HC Deb 19 May 1972 vol 837 cc211-3W
Mrs. Kellett-Bowman

asked the Minister of Agriculture, Fisheries and Food whether the review of the terms for the compulsory eradication of brucellosis has yet been completed; and if he will make a statement.

Mr. Prior

My right hon. Friend the Secretary of State for Scotland and I have now completed our review of the way in which the terms of compulsory eradication have affected the owners of heavily infected herds in the initial eradication areas. It is clear that some herd owners have already suffered significant losses and that the terms operate inequitably as between the owners of herds of different sizes and kinds. Furthermore, it has been made plain to us by the farmers unions and by the farmers themselves that in their view the only fair way to compensate herd owners whose animals are slaughtered compulsorily is to relate the payments to the value of the animals concerned.

We have therefore agreed, in consultation with the unions, that the present Area Eradication Scheme should be closed to new applicants forthwith and replaced by a scheme under which the Ministry or the Department will be responsible for the removal of reactors and dangerous contacts and the herd owner will be paid compensation based on their full market value. The valuation will be agreed with the owner, or in default of agreement settled by an independent arbitrator, and will be based on the market value of the animal as non-accredited.

For reactors it will be subject to a maximum of £240, but for dangerous contacts there will be no upper limit. This maximum will be subject to periodic review.

We have already assured herd owners who are taking part in the Area Eradication Scheme that any improvements in the terms which were introduced as a result of the review would be applied retrospectively. We propose to honour this assurance by offering these herd owners the option of transferring to the new scheme with effect from the date when they joined the present scheme. In calculating how much is due to those who choose to change over we shall have to take account of the payments they have already received under the scheme and their receipts from the sale of reactors. This will be a complicated calculation, but we shall send each herd owner a full explanation before he has to make up his mind whether to stay in the existing scheme or to change to the new one.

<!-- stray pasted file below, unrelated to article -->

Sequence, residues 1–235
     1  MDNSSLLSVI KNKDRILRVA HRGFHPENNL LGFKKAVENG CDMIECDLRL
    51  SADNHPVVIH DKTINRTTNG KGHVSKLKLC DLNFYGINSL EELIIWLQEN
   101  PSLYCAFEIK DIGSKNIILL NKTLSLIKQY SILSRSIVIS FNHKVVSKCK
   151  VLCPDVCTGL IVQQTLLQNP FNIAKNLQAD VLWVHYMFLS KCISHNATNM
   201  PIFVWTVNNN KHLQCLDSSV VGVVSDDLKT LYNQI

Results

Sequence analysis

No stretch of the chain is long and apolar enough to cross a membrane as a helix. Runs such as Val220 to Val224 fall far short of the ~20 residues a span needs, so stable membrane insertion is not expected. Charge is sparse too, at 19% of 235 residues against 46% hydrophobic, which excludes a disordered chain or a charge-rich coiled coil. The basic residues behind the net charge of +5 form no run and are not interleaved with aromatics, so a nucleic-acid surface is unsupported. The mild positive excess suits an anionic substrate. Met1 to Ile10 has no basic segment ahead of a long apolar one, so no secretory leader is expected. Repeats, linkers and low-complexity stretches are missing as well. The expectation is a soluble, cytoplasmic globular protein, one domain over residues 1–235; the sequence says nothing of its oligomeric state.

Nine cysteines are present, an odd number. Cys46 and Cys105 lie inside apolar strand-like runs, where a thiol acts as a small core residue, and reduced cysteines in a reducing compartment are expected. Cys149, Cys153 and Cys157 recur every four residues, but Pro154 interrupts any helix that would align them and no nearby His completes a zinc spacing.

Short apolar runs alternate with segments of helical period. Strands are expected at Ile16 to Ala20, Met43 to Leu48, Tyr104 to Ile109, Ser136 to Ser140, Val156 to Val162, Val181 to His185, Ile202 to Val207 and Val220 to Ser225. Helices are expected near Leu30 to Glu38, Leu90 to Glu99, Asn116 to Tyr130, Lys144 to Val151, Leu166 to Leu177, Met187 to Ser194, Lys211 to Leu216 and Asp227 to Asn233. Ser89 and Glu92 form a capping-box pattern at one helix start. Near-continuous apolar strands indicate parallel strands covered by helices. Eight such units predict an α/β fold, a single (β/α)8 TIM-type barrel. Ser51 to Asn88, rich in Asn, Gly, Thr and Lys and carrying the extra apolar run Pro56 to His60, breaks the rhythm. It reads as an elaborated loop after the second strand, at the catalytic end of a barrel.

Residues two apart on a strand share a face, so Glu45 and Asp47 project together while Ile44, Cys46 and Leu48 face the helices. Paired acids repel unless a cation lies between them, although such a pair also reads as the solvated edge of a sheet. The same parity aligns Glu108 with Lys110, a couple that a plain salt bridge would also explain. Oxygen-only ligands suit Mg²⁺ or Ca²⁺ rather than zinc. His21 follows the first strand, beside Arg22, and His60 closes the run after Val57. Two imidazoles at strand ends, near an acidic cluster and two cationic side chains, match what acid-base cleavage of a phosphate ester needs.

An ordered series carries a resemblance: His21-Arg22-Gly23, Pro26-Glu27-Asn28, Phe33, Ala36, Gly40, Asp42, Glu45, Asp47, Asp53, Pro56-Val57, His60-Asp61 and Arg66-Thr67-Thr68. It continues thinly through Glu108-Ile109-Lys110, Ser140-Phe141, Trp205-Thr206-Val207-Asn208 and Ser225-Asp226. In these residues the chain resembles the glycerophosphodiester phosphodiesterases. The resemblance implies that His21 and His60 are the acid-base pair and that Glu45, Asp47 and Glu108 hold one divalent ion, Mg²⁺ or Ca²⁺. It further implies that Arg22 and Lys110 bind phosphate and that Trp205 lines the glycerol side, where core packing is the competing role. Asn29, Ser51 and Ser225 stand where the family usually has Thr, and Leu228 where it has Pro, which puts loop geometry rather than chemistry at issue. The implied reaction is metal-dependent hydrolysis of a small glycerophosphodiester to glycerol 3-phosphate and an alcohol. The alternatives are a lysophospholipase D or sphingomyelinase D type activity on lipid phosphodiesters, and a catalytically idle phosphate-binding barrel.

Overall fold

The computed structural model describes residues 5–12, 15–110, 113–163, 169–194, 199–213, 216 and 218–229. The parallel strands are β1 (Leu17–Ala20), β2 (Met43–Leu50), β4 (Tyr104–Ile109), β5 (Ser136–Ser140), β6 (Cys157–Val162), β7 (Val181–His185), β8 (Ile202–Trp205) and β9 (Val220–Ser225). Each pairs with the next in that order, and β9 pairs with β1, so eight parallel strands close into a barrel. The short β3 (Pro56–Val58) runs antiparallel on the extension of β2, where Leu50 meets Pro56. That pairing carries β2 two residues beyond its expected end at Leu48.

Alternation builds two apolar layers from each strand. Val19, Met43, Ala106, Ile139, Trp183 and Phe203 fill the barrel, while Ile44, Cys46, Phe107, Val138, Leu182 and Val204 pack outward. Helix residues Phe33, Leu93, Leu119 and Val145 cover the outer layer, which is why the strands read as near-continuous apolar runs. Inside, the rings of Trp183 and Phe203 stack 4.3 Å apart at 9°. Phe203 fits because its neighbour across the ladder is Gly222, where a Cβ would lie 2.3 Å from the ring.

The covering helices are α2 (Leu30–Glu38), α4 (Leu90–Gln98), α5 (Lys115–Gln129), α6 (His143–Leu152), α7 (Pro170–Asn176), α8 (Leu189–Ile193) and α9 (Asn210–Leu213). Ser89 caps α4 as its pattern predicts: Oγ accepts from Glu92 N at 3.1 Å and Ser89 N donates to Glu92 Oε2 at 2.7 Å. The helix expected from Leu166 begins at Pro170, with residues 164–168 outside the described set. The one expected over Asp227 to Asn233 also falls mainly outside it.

I should make it clear that these changes in no way affect the arrangements for the payment of incentives under the voluntary incentives scheme or the obligation which herd owners who are taking part in that scheme have accepted to slaughter reactors without payment of compensation. Indeed we consider that all herd owners must accept some responsibility for maintaining the disease-free status of their herds after they have become accredited; and we remain convinced that it is essential for herd owners to insure their herds against the possibility of infection or re-infection.

Nevertheless, we accept that in eradication and attested areas the Government should contribute towards the cost of maintaining freedom from the disease, at least for the duration of the eradication programme. We have therefore agreed that within these areas where reactors are slaughtered compulsorily in accredited herds which are not taking part in the voluntary schemes compensation should be paid at the rate of 75 per cent. of the value of the animal. For dangerous contacts the payment will represent the full market value. The valuation will be based on the market value of the animals as accredited. For reactors it will be subject to a maximum value of £240, which means a maximum payment of £180 for each animal. There will be no upper limit for dangerous contacts.

Outside these areas we are anxious that the owners of herds which have become accredited under the incentives scheme should continue to participate in the Scheme and to slaughter reactors voluntarily in accordance with the rules after their period of eligibility for incentives has expired. When this time comes—and this will not be before 31st March, 1976—we propose to offer to these herd owners compensation at the rate of 75 per cent. of the accredited value—subject to a maximum payment of £180 for each animal—for reactors which they agree to have slaughtered. The payment will, of course, be subject to the owner's continued compliance with the rules and conditions of the scheme. As under the compulsory scheme the Ministry or Department will be responsible for the removal of the animal and will retain the carcase value.

Finally, we have agreed with the unions that the 1,000 or so herd owners who remain in the old Brucellosis (Accredited Herds) Scheme will be allowed to retain the existing benefits until 31st March, 1980, and will thereafter be eligible for terms similar to those available to the incentives-expired herds under the incentives scheme.

It will be recognised that these new terms represent a change in our previous approach to compulsory eradication. But we have taken the decision because we are anxious that our brucellosis eradication programme shall succeed and we recognise that we shall not achieve that success unless farmers are satisfied that the compensation terms are fair and reasonable. The fact that we have been able to reach agreement so quickly with the unions on these new terms encourages us to believe that we now have a scheme which will ensure the full co-operation of the industry in our eradication programme.

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